Google will remove revenge porn images from search results

Yesterday Google announced it would stop its searches linking to “revenge porn” images if requested by a person whose image has been posted without consent.  We applaud Google for taking this important step.

We’ve been working to fight revenge porn, through representing clients like Chrissy Chambers and in campaigning, lobbying and giving speeches in the US and UK trying to make this practice a clear violation of the law both criminal and civil.   Google’ new policy clearly focuses on the consent of the person as the standard, which is better than the one used in many criminal statutes including the new one we worked to pass in Britain. They only punish the perpetrator if he intends to “cause distress” to the person depicted, and don’t offer any way to get the images taken down – leaving no practical recourse for someone whose images were hacked, or reposted for “kicks,” or because sites make money spreading them around.  Really, a better term than “revenge porn” for describing all of these cruel practices is “non-consensual pornography.”  By removing non-consensual pornographic images from its search results as Google has now agreed to do, it will help starve them of the oxygen they need to spread, and steer the internet away from permitting anonymous cowards to make people’s lives a living hell with impunity.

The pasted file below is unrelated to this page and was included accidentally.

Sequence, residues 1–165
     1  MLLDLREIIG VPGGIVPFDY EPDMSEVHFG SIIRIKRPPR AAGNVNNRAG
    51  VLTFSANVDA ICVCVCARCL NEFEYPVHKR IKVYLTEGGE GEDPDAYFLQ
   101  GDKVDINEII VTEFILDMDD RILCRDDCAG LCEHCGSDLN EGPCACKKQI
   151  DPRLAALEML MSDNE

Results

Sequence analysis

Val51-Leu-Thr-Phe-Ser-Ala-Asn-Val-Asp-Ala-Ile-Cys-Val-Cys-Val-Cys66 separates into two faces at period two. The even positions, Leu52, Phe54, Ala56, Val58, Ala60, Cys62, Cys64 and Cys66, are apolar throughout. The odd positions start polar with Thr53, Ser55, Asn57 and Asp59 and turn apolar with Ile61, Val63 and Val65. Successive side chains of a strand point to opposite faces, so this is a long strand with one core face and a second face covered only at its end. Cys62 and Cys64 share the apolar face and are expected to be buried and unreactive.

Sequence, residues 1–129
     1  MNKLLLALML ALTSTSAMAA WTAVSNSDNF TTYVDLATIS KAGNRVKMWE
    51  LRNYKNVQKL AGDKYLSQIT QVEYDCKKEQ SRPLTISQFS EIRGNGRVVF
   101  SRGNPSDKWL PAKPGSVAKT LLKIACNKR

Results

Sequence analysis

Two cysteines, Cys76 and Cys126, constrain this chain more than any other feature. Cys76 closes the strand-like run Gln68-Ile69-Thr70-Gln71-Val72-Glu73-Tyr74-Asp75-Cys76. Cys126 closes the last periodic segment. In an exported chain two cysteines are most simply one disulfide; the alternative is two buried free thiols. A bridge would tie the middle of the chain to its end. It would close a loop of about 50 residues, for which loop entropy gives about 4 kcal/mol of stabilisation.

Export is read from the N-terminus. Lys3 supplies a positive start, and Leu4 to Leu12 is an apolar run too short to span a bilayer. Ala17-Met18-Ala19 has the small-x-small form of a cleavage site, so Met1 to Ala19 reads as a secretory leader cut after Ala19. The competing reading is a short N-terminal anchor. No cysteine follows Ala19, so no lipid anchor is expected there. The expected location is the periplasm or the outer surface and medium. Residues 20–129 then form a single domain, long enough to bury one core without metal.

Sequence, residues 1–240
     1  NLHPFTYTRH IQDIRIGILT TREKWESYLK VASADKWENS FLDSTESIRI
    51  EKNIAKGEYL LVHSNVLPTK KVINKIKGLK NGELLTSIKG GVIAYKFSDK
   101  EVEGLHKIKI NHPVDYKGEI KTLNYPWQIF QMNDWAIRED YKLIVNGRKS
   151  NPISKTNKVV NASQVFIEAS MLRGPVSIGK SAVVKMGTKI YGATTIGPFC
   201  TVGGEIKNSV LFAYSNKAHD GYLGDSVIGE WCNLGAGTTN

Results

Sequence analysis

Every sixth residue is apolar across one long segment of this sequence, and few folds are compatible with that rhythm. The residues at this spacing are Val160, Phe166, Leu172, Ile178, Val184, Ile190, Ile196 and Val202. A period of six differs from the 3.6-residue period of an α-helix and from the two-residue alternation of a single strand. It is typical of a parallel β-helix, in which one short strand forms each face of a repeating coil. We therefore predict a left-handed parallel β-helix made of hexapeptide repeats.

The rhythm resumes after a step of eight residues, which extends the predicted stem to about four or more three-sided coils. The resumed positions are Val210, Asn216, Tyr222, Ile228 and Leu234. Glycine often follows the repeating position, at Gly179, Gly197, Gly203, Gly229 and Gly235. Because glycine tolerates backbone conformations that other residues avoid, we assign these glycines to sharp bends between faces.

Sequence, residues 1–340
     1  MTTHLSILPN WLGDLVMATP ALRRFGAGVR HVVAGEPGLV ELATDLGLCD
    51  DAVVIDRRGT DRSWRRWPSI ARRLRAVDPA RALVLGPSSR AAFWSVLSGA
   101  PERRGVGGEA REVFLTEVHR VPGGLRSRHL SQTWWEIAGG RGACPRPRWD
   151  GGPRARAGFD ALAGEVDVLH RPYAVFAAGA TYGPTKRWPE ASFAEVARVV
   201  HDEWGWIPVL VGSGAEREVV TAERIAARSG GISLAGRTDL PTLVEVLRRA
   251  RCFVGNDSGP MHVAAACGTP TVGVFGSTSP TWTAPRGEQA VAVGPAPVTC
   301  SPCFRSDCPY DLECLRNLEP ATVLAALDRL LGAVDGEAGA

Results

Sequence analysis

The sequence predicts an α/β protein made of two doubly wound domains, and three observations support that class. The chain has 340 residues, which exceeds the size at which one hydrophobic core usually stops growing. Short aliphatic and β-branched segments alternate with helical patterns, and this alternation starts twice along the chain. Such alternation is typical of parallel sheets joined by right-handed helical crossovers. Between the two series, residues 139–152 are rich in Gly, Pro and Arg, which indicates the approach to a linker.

In the long run, we’d like to see the default position of internet hosts switch so that affirmative proof that the sex depicted is consensual (like a brief video clip of the people depicted stating they want to be in it, and showing their ID) is required before sexually explicit images get posted.  (There’s already a default position against child porn, which all responsible internet companies readily enforce.)  This would allow total freedom of expression for those who want to express themselves with sexual images, and protect victims of non-consensual ones from having to fight to take down images that never should have been posted in the first place (and once images are posted, anyone can copy and download them and they’re never really gone). Meanwhile, our firm, will continue to fight for brave victims of non-consensual pornography like Chrissy Chambers and campaign to extend the law’s protections so that this practice dies away.